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In the eyes of the green lobby, we are all witches now

What is it about freakishly cold winters that so agitates intolerant moralists?

In Europe 500 years ago, any sign of a dip in the winter weather would be greeted by much gnashing of teeth from the morality police. Sometimes they’d even burn at the stake “witches” who were said to have caused the extreme cold through their wicked behaviour and sorcery.

Fast-forward to the 21st century and still there’s nothing like a bitingly cold winter to drive moralists mad with priestly fury. Only today, in a more PC, less pyromaniacal version of what their forebears did, they don’t burn people at the stake for causing cold winters – no, they prefer to hector us with op-eds and insults instead.

The last couple of winters in western Europe have been bitterly cold. Last year the British Isles were coated in thick snow, causing chaos. This winter is shaping up to be a bit warmer, though cold snaps are expected in the new year.

All this iciness has put green-leaning moralists in a tailspin. They scour the press and the blogs for any whiff of a hint of a suggestion that perhaps these cold winters disprove the global-warming thesis, and inform us that, actually, extreme coldness is yet another side-effect of man’s constant farting of CO2 into the environment.

This week, a top Welsh scientist highlighted one of the key problems associated with very cold winters – no, not the possibility of elderly people going hypothermia or an increased risk of car accidents on slushy roads, but the danger that the dumb public will think all this snow proves hot-headed environmentalists wrong.

Professor Michael Hambrey of the University of Aberystwyth said “the public must not be misled into believing that a series of cold winters are evidence that climate change is a myth”.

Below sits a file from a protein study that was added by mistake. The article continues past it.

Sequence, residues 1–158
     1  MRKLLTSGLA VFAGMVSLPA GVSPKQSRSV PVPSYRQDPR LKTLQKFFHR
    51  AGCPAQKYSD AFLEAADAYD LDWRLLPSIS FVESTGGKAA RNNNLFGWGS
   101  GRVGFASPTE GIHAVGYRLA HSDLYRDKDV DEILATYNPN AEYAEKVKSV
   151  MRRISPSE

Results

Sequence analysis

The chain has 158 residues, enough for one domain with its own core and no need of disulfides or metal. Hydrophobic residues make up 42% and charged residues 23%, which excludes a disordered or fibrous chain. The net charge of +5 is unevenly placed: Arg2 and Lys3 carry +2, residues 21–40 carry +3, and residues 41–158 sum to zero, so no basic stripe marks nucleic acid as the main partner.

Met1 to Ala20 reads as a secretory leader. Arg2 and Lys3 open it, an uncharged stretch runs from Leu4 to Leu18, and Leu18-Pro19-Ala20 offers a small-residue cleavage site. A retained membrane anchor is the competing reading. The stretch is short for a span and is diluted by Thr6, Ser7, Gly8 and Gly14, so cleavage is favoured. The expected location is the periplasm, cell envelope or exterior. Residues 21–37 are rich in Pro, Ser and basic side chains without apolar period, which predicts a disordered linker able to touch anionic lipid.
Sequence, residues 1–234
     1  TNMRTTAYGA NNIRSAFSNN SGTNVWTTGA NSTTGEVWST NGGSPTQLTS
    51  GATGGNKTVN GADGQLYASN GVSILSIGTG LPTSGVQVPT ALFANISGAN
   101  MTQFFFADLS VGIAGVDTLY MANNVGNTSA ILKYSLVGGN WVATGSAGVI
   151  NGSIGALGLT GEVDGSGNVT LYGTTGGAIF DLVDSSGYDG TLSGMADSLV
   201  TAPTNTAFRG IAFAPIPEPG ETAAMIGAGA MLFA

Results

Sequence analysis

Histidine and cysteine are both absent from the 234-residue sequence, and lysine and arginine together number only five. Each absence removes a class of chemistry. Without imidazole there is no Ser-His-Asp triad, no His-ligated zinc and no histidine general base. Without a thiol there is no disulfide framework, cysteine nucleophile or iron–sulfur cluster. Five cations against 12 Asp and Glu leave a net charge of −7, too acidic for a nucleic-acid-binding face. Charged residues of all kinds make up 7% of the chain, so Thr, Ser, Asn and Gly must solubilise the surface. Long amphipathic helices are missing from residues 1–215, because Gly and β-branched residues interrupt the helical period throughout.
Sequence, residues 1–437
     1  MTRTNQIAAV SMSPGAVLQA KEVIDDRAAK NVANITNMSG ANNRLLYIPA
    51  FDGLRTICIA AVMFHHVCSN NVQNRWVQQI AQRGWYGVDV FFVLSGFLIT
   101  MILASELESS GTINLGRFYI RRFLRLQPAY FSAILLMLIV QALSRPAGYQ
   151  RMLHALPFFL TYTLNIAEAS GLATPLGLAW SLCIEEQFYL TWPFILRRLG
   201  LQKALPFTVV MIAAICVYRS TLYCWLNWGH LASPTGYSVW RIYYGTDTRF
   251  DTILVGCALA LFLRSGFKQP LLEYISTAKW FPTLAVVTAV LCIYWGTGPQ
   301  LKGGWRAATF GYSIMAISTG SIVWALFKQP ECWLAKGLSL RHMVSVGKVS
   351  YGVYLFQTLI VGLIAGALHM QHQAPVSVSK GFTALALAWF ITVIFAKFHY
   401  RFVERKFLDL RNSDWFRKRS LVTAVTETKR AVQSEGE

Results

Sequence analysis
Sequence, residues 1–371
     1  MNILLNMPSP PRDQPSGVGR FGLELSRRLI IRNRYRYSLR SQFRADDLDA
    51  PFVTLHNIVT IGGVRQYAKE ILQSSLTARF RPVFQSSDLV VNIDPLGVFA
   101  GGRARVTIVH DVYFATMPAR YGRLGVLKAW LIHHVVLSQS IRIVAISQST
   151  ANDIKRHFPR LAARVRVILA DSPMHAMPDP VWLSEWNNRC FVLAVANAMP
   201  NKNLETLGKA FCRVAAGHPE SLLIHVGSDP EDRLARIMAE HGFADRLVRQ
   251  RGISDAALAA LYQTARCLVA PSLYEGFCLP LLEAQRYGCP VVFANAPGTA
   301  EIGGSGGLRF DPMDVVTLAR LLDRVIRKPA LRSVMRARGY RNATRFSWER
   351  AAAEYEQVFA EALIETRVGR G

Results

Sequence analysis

Echoing green activists, who get strangely defensive during very cold winters, Professor Hambrey reminded us that climate change is not only going to make the world hellishly hotter but will also lead to a situation where “more extreme winters become the norm”.

Last year, during Britain’s big freeze, greens incessantly lectured us about how cold winters are just as much the fault of greedy, hubristic, polluting man as recent heatwaves and droughts have been.

A writer for The Times said anyone who seizes the opportunity of a wicked winter to ask “what happened to global warming?” is an “idiot”, because nobody ever claimed that climate change would “make Britain hotter in the long run”. (Er, yes they did.)

A headline in the Guardian informed us that: “The snow outside is what global warming looks like”, and the reason the plebs and simpletons who make up modern Britain can’t understand this fact is because they are:

“simple, earthy creatures, governed by the senses… What [they] see and taste and feel overrides analysis. The cold has reason in a deathly grip.”

Perhaps. Or perhaps the reason the public’s cynicism towards environmentalism goes up a notch whenever it snows is because for the past 10 years, before the recent big freezes set in, environmentalists told us we’d never see snow again.

“Snow is starting to disappear from our lives”, declared the Independent in March 2000, quoting an expert from the Climatic Research Unit at the University of East Anglia – a major producer of climate-change info – saying that “children just aren’t going to know what snow is”.